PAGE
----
World should not be complacent after Covid-19 vaccine news: WHO
The World Health Organisation welcomed Moderna reporting on Monday that its experimental vaccine showed 94.5 per cent efficacy but said that “many questions” remained and it was no time for complacency.
Only very limited amounts of any vaccine will be available in the first half of 2021 for people other than priority health workers, WHO officials said.
“While we continue to receive encouraging news about Covid-19 vaccines and remain cautiously optimistic about the potential for new tools to start to arrive in coming months, right now we are extremely concerned by the surge in cases we are seeing in some countries, particularly in Europe and the Americas,” WHO director-general Tedros Adhanom Ghebreyesus told a news briefing.
It marked his return to the Geneva agency from quarantine after being exposed to coronavirus some 17 days ago. Tedros said he had no symptoms and had seen no need for a test.
Biden says containing Covid-19 pandemic is vital to economic recovery
US President-elect Joe Biden Monday said containing the coronavirus pandemic is key to the nation’s economic recovery, calling for cooperation between business and government in his first remarks on the economy since being elected.
Biden met with the chief executives of General Motors and Microsoft, as well as key labour leaders, as he begins to outline how to contain the coronavirus pandemic and revive the economy during his administration.
“We’re ready to come together. The unity was outstanding,” Biden said of the meeting in Wilmington, Delaware. “It was really encouraging, quite frankly, to get people, business and labour, agreeing on the way forward.”
Washington, Beijing must find areas of cooperation or risk sliding into conflict: Henry Kissinger
The United States and China must find some basis for cooperation, or risk sliding into a catastrophe “comparable to World War I”, former US secretary of state Henry Kissinger said at a global forum on Monday, delivering a stark warning on the state of ties between the two superpowers.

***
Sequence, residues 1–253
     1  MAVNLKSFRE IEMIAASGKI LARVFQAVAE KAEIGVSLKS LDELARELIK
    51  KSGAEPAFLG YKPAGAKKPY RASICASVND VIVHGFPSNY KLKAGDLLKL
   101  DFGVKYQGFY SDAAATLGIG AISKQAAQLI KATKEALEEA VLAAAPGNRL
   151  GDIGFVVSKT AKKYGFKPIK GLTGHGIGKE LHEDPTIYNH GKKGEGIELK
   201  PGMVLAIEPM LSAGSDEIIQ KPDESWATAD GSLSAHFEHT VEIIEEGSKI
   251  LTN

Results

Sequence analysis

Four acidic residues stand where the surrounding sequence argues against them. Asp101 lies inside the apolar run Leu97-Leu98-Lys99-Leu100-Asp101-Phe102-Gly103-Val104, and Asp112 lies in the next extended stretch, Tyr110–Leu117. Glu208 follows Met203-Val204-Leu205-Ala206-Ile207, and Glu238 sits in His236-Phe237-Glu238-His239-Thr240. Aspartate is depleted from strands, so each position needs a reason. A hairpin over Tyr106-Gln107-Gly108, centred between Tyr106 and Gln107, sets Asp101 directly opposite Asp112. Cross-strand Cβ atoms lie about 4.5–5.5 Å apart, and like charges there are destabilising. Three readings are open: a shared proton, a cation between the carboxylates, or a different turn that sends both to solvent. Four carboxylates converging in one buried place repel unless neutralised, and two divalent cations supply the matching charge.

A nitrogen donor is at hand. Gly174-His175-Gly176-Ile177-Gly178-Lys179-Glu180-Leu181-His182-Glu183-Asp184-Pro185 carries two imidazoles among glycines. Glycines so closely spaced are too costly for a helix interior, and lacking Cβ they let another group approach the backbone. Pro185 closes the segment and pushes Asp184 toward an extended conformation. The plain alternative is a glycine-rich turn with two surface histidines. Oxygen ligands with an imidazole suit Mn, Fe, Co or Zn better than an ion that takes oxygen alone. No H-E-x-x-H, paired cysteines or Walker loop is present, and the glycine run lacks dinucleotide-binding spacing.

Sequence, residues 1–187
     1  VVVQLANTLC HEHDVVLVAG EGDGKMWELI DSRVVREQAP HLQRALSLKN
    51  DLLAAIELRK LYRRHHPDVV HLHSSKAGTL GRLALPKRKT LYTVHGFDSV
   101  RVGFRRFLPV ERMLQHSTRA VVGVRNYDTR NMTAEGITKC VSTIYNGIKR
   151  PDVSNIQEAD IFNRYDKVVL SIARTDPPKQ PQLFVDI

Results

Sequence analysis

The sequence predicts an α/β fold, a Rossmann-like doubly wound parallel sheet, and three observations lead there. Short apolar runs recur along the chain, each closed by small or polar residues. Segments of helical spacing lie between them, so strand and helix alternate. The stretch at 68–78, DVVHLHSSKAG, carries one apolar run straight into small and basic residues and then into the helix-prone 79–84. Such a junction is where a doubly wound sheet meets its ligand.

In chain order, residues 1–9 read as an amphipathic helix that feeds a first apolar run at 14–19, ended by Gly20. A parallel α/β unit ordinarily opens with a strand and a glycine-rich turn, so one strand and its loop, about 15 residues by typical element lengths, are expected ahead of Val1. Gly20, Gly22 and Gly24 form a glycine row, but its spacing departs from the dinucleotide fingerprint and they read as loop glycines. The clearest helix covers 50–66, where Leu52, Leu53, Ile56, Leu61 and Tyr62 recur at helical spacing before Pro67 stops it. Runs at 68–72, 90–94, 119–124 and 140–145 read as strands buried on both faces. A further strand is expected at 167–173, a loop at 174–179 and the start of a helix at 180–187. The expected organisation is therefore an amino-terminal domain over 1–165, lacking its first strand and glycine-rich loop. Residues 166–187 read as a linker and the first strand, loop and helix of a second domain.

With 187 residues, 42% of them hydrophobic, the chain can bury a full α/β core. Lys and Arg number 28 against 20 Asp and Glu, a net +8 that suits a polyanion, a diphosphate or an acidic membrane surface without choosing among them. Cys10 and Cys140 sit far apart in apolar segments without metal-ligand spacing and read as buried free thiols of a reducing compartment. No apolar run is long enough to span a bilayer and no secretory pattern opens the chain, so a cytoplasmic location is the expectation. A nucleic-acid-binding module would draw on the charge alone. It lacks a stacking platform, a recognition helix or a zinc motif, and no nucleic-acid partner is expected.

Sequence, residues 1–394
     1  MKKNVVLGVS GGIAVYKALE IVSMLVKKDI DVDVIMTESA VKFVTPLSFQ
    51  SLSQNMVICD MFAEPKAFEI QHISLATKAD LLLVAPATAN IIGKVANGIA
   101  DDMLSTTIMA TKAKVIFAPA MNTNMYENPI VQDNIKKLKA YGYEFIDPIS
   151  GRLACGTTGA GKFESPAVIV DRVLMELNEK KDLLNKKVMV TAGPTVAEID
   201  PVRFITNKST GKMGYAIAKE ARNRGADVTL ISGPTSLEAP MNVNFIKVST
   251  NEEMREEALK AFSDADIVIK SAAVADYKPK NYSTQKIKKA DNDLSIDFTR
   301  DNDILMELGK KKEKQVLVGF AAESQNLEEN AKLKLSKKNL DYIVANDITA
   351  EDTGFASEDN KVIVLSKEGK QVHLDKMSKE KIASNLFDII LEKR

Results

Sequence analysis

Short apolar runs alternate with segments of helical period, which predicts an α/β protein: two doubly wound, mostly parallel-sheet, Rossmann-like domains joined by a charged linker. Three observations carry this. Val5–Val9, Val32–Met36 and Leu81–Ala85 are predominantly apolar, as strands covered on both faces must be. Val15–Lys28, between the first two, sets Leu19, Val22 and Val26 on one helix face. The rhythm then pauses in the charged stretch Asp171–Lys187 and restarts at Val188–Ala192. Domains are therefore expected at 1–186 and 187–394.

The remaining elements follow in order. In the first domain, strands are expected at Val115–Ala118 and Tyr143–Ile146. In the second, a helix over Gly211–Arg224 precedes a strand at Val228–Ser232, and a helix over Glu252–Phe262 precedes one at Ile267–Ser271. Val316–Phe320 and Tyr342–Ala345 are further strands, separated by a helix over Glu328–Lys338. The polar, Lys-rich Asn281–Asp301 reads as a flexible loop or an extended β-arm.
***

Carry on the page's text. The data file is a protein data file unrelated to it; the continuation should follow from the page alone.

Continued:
“I’m not saying that we and China will live with a consciousness of harmony. I am saying that there will always be stresses and tensions. The question is, ‘Is there a direction in which we can cooperate?’” said Dr Kissinger.
Speaking at the Bloomberg New Economy Forum, which is being held virtually this year, he was among some former senior US government officials who laid out how they thought president-elect Joe Biden should tackle US-China ties when he assumes office in January next year.
Trump poised to order troop cuts from Afghanistan and Iraq
Donald Trump is expected to issue a formal order drawing down US troops in Afghanistan and Iraq to 2,500 in each country by Jan 15, a US defence official said, as the president works to deliver on his longtime pledge to exit from “endless wars” in the Middle East.
US Central Command has received an informal warning order, according to the official. The expected order, reported earlier Monday by CNN, would reduce troops from about 4,500 in Afghanistan and from about 3,000 in Iraq before Trump leaves office.
Trump’s deadline would come five days before President-elect Joe Biden takes office.
S&P 500, Dow close at all-time highs on reignited vaccine hopes
The S&P 500 and Dow Jones industrial average notched record closing highs on Monday as news of another promising coronavirus vaccine fanned hopes of eradicating Covid-19, while spiking infections and new shutdowns threatened to hobble a recovery from the pandemic recession.
All three major US stock indexes advanced and with its new closing record, the blue-chip Dow is the last of the three to reclaim levels reached in February, before lockdowns sent the markets into free-fall.
The Russell 2000 also hit an all-time closing high.
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